For someone who has been serving in the military, the transition back to a civilian lifestyle can add extra pressure in addition to memories of events already causing stress. A new group hopes to provide a place for veterans and civilians to gather and have fun, easing that stress.
Team Red, White and Blue is a free organization with a goal to simply “enrich the lives of America’s veterans by connecting them to their community through physical and social activity,” according to an article by Leo Shane III, which is posted on the Team RWB website.
Local Vietnam veteran and one of the organizers of the Elkin area Team RWB, Dr. Bill Blackey shared the article as he explained the purpose of starting a local team. “Getting out in nature has positive impact on people who have been in combat,” he said of research. “This is a group for civilians and veterans.”
Kasey Nowalk, whose brother served in Afghanistan, explained, “Team Red, White and Blue is a national movement trying to gather community to support and enrich veterans. The community is going to help heal and support veterans in our town.
“We’re wanting to make sure our veterans aren’t isolated,” she said.
The events hosted by Team Red, White and Blue are free, and include social and physical activities. “Research shows physical activity improves the lives of those with post-traumatic stress disorder,” said Nowalk, who is an assistant librarian at the Elkin Public Library.
There is no fee for being part of Team RWB, and all veterans who register and join receive a free T-shirt, said Blackley.
The first local event for the group will be April 10 at the Elkin Municipal Park tennis courts from 3 to 5 p.m. “We are asking all veterans and civilians to come join us,” said Nowalk, who explained those attending will be able to learn to play pickle ball, and other games such as bocce will be available to participate in. “You can play games, hang out, have refreshments and learn more about Team Red, White and Blue.”
Also, the group will be raffling off two passes to the Elkin Recreation Center.
The library also is getting involved. A new book club is starting called Talking Service Book Club, which is focused on veterans. The first book the group is reading is called “Standing Down.”
“It is stories about different aspects of combat experience and war,” said Blackley, who is reading the book, “and the ways veterans are standing down as they transition into civilian life.”
From the article Blackley shared about Team RWB, he said, “Of veterans surveyed, 81 percent said their involvement made them feel more satisfied with their lives, 64 percent said it helped them maintain a healthier weight, 53 percent said it helped them better connect to their civilian peers and 70 percent said it helped them build a better network of professional contacts.”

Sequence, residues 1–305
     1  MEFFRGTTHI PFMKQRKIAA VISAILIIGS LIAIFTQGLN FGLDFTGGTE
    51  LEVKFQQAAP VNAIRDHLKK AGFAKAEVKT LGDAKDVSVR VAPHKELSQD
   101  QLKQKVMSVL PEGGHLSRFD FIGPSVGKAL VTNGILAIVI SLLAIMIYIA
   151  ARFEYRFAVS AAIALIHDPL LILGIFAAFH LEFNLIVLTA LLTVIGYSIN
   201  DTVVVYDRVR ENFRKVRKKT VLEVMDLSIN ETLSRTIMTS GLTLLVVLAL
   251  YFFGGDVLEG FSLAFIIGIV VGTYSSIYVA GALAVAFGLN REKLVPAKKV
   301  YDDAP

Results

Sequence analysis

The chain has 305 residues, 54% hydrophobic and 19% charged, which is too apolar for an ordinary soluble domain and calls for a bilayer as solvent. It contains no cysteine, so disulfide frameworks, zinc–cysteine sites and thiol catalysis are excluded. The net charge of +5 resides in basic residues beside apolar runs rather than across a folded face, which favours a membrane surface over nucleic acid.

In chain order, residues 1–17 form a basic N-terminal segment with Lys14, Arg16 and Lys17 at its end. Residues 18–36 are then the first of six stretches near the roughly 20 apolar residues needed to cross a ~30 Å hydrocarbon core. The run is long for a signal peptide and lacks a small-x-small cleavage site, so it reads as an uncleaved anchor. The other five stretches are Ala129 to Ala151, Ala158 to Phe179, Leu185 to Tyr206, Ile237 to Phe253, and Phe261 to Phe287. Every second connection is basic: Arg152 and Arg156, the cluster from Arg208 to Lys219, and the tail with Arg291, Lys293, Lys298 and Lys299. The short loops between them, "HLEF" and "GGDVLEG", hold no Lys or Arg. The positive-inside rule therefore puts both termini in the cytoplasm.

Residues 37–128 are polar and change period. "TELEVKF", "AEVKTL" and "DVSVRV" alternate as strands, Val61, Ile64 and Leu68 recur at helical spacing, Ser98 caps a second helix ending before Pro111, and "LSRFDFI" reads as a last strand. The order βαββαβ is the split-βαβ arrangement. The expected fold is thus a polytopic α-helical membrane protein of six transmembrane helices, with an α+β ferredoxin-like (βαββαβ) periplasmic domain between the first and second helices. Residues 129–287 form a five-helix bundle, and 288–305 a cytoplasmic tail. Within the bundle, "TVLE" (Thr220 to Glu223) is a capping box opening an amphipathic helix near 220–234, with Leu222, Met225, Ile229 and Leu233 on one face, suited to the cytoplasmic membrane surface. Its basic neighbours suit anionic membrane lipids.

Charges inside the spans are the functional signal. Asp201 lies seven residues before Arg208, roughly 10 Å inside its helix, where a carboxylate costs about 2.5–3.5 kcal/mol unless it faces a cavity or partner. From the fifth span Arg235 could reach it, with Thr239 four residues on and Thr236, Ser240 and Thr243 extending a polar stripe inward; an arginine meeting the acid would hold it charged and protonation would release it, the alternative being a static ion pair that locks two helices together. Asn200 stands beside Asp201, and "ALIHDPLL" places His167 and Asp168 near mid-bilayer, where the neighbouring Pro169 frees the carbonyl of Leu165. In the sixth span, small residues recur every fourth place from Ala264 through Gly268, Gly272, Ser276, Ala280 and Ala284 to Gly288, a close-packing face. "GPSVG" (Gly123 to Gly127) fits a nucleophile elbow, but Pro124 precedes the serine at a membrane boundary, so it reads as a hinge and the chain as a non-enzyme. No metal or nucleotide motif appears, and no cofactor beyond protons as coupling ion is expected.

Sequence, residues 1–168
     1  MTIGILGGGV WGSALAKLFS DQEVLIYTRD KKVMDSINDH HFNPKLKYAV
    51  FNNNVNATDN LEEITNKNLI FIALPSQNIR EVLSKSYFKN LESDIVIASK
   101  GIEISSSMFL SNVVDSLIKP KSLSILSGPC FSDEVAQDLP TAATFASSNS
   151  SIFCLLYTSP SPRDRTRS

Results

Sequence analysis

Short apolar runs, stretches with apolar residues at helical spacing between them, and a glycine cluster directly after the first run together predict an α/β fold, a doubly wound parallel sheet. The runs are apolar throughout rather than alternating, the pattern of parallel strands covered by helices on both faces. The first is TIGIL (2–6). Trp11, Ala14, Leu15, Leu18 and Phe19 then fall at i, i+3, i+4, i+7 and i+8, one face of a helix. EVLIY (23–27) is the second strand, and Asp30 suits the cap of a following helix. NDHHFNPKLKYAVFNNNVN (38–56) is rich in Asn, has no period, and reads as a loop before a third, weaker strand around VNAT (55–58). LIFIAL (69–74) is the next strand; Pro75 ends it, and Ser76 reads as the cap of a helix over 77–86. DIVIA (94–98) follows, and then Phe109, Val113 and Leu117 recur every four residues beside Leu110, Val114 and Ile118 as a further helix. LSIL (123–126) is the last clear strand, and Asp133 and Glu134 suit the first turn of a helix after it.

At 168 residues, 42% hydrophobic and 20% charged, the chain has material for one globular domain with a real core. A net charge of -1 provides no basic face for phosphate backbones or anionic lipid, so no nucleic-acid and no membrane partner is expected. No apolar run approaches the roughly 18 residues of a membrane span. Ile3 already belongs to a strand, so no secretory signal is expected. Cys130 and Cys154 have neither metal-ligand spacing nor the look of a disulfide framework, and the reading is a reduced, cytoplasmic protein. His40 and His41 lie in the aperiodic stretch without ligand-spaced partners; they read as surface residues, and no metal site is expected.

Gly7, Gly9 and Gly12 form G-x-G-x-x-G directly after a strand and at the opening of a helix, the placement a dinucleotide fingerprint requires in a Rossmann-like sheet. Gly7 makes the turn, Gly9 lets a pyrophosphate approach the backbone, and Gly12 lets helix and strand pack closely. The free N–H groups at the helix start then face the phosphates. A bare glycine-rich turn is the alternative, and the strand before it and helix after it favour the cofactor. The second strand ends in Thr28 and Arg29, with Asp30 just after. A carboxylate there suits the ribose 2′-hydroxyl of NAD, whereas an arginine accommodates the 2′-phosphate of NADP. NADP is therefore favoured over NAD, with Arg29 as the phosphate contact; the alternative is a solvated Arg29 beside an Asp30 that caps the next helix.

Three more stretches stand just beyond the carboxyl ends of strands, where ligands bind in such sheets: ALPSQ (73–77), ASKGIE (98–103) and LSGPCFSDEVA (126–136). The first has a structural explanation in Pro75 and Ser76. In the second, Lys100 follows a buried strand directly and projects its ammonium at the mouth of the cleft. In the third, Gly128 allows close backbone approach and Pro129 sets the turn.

He explained that many times veterans come home and either their families or communities don’t want to hear about what they experienced, or they aren’t comfortable sharing it.
“Even World War II veterans got home and internalized it, and they didn’t want to talk about it,” said Joe Hicks, another local Vietnam veteran who is helping organize Team RWB.
“Post-traumatic stress wasn’t even a disorder until 1980, and it wasn’t treated,” said Blackley. “Even now veterans don’t want it on their record because they can’t serve certain roles or be eligible for promotions.”
He said his first encounter with Team RWB was in Arlington, Virginia, exercising with his son, who is a runner. “We met a Team RWB, and they were young, vibrant and impressive,” Blackley said.
The Virginia Team RWB put him in touch with the Sand Hills Team RWB and he gave a talk at the Sand Hills Community College in eastern North Carolina about the book he has written. “My book is dedicated to Capt. Mark Garner, and it turns out Brennan Mullaney was Mark’s roommate at West Point and neighbor when he was stationed overseas,” said Blackley, explaining Mullaney is Mid-Atlantic regional director for Team RWB.
Mullaney shared more information on Team RWB with Blackley and then the local group became reality.
“We want good company for our veterans,” Blackley said. “We are hoping maybe they’ll want to get out and do trail work, volunteer and be active.
“One thing they encourage when exercising is go with someone so you’re not a longer,” he said, adding the hope is Team RWB allows for friendships to build on the concept of not being alone.
“We are hoping to get Iraq and Afghanistan veterans involved as well,” Blackley said.
According to Team RWB’s website, “the nonprofit has grown to include 85,000 members in 180 chapters around the country.”
Wendy Byerly Wood may be reached at 336-258-4035 or on Twitter @wendywoodeditor.